When older folks hear of a coming snowstorm, they begin to fret. They worry about what kind of problems it could cause. Mostly the concern is about the slippery conditions, fear of falling as well as fear of driving accidents.
Unlike the aged, youngsters look forward to a good snowstorm with glee! They see the fun they will have in it. When I was a kid, it was a great time to get out onto a hill for some sledding.
As one grows up, a snowstorm brings a different kind of interest, an opportunity to earn money. During the Depression, money was tight, seldom having any in your pocket. Should you ask your dad for money for a movie, he’d say, “Forget it, go outside and play, it’s better for you.” At least that was my experience.
After a snowstorm, we neighborhood kids would take care of the snow around the walkways at our houses. When we finished, we’d throw the shovel over our shoulders and walk down the street. In those days there weren’t many cars on the road. It was a common sight seeing boys walking out onto the street with their shovels. You’d go all around the neighborhood knocking on doors to see if anyone wanted to be shoveled out. When you got an approval, you would not ask about payment. However, if the chance came your way, you’d probably suggest 50 cents an hour. Most times you would shovel them out and let them know when you had finished. Some were fair, some not. In the future you would simply avoid the unfair households.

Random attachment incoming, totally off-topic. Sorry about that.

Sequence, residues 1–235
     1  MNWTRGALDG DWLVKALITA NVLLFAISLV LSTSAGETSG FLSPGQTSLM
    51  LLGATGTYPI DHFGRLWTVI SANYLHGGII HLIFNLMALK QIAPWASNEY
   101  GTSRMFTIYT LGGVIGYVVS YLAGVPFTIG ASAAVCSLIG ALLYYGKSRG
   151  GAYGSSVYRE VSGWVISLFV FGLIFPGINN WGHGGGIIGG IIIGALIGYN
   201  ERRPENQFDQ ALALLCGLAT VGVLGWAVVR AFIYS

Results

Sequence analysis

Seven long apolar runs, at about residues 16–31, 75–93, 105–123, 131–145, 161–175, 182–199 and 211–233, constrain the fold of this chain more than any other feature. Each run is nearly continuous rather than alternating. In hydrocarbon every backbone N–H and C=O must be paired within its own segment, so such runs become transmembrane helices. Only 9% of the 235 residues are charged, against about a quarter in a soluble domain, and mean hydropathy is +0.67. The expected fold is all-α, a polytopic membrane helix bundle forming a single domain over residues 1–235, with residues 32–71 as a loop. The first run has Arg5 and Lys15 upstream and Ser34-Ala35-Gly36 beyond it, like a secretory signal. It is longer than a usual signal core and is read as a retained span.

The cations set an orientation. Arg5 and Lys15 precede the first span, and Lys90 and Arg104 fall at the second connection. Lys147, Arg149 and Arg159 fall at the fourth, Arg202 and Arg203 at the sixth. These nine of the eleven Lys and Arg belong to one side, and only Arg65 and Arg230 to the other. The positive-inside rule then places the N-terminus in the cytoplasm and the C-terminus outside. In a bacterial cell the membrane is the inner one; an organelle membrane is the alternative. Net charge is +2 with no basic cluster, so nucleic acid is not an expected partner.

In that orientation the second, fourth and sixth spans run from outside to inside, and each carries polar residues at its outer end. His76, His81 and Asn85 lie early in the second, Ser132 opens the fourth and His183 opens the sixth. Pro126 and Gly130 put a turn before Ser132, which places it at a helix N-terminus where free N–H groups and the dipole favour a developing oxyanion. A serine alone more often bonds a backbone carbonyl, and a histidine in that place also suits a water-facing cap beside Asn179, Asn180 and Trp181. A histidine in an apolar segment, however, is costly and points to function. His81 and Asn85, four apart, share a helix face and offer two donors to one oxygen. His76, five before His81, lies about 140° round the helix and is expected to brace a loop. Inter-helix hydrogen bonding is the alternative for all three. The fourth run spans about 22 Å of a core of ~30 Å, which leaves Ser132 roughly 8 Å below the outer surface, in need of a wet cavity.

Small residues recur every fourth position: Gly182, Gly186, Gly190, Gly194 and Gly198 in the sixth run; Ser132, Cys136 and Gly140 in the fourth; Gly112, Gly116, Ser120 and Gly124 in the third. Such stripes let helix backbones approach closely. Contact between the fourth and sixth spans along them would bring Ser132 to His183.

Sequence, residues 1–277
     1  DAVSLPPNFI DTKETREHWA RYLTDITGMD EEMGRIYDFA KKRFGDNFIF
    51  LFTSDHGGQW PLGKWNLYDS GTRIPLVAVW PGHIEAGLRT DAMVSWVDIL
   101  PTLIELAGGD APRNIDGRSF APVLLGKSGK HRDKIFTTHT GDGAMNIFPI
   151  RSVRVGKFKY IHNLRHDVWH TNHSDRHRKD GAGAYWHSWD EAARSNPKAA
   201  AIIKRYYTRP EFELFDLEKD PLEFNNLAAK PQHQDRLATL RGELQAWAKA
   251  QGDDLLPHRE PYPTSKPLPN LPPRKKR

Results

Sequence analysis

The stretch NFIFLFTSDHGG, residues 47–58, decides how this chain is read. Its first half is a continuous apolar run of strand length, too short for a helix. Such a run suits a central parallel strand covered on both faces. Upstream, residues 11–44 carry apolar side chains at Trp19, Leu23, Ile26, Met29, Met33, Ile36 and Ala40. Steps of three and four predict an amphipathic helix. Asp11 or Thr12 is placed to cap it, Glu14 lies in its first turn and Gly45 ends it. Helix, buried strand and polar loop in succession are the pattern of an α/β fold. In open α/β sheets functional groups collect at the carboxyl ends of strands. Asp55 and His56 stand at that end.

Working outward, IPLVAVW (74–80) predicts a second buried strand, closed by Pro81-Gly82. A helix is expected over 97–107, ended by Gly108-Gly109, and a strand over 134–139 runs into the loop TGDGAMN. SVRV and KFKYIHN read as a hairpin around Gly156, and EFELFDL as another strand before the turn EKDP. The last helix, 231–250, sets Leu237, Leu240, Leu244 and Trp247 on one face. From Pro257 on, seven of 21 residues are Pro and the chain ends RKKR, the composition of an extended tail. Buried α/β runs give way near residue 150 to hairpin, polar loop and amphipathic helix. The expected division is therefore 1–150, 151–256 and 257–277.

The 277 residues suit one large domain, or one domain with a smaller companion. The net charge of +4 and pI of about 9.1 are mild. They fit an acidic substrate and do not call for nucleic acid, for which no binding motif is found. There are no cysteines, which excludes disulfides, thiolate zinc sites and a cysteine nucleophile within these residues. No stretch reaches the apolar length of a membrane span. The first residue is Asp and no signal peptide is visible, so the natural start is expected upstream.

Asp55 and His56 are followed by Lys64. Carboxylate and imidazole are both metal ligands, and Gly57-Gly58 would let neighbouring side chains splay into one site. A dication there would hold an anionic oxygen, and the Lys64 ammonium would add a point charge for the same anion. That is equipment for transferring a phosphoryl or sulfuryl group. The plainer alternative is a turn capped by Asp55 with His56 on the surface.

In my high school years there were bigger jobs available: the state barn that was located under the overpass that crossed Merrimac Street. It was rather a large area where they housed some equipment. I’d get hired sometimes to shovel off the sidewalk on the old (Gillis) bridge that went over the river. Local people must remember the former old steel structure with iron girders and the metal floor. You’d have to hold the steering wheel tightly while driving over it. The walkway ran along one side of the bridge. Throwing snow up and over the railing proved to be a tough workout; being young, I did not mind.